For years, the staff and parishioners of the First Church of the Nazarene of Pasadena had to be mindful of the weather. If rain was in the forecast, certain sections of the sanctuary had to be roped off because the seats, and anyone sitting in them, would get soaked.
A stubborn leak in the sanctuary that no one seemed to be able to fix plagued the church for almost 10 years. “Water would just pour down like a shower during the service,” explained Scott Anderson, the church’s executive pastor.
Anderson had heard that Garland was the “guru of water intrusion protection.” So, he called Garland’s local representative, Sean Magee, to see what he could do about the leak in the sanctuary. Magee identified the problem and worked with contractors to repair the leak.
Ironically, just three weeks later, an uncharacteristically strong Santa Ana windstorm ripped the majority of the metal roof off the church, leaving crumpled and twisted metal panels strewn all over the church’s Pasadena campus. The church’s original roof, which was about 30 years old, likely had not been designed to resist the pressure exerted by the wind and consequently had experienced fastener pullout prior to the storm.
After the windstorm passed and the damaged metal panels were removed, Anderson reached out to Garland for help again. Magee surveyed the roof and provided recommendations for a roof replacement.
Aware of the problems the church experienced with its previous roof and of the high winds possible in the region, Magee recommended Garland’s R-Mer® Span structural standing seam roof system.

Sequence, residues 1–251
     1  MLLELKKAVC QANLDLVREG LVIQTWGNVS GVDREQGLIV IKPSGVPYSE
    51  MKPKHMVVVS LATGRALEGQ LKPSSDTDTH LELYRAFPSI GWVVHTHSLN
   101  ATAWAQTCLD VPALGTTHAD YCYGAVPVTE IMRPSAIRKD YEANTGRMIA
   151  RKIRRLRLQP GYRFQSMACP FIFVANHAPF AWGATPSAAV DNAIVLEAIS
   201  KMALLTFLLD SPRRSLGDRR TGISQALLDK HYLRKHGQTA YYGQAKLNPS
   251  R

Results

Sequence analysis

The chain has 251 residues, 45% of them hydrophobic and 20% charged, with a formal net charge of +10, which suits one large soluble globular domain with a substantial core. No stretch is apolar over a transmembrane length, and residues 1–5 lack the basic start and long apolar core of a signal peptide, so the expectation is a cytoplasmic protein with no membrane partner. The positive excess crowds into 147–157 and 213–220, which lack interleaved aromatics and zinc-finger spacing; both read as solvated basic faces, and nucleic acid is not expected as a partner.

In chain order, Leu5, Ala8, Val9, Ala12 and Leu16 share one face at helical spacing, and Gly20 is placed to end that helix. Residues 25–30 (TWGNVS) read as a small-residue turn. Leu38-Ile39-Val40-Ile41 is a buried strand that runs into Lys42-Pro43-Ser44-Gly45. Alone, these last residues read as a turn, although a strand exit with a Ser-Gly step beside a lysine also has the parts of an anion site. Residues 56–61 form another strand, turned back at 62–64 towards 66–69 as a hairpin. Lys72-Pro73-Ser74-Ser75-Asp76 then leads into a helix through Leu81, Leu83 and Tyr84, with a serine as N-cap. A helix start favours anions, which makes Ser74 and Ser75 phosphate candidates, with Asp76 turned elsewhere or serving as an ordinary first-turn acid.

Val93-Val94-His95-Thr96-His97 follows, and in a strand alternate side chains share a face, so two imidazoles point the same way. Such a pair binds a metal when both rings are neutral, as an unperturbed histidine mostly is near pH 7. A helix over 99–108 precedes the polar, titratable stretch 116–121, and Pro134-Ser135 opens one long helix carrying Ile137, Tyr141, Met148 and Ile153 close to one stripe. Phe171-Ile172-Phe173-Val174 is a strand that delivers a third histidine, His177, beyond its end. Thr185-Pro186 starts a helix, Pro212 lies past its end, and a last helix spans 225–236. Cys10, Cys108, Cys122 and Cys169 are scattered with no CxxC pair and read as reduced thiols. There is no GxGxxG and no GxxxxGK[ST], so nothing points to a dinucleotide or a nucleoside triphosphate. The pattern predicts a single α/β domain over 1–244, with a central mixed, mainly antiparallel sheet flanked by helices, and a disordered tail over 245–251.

In addition to finding a solution with the necessary strength and durability, Magee was also challenged with finding a metal system that preserved the aesthetic value of the church, which sits against the beautiful backdrop of the San Gabriel Mountains.
The 55,000-square-foot, eight-sided roof was clad with 24-gauge, 18-inch wide steel R-Mer Span panels, which achieve some of the industry’s highest wind uplift ratings, guaranteeing protection against the fierce Santa Ana winds.
“Sean ensured that we were getting the right product and that it was being engineered correctly for our roof. Our roof posed a lot of unique challenges, but the way they were able to handle those challenges by bringing in the right people to implement intelligent solutions was great,” Anderson said.
The copper penny-colored steel panels, varying in length from 1 foot to 106 feet, were roll formed on site to provide continuous panels from ridge to eave, ensuring watertight integrity.
Because the church’s wooden deck was not true to plane, 16-gauge hat channels were used in various locations throughout the roof to ensure the roof panels lay evenly. The deck also dictated the roof design with panels sloping upward to the penthouse-style wall, which extended 40 feet from the roof deck.
The church’s steep 7:12 slope contributed to a challenging installation process, which was controlled by a meticulous safety plan and diligent supervision.
“Now, I have confidence in my roof. I also have confidence in Garland and their ability to do what they say they’re going to do in the time they say they’re going to do it,” Anderson explained.Google+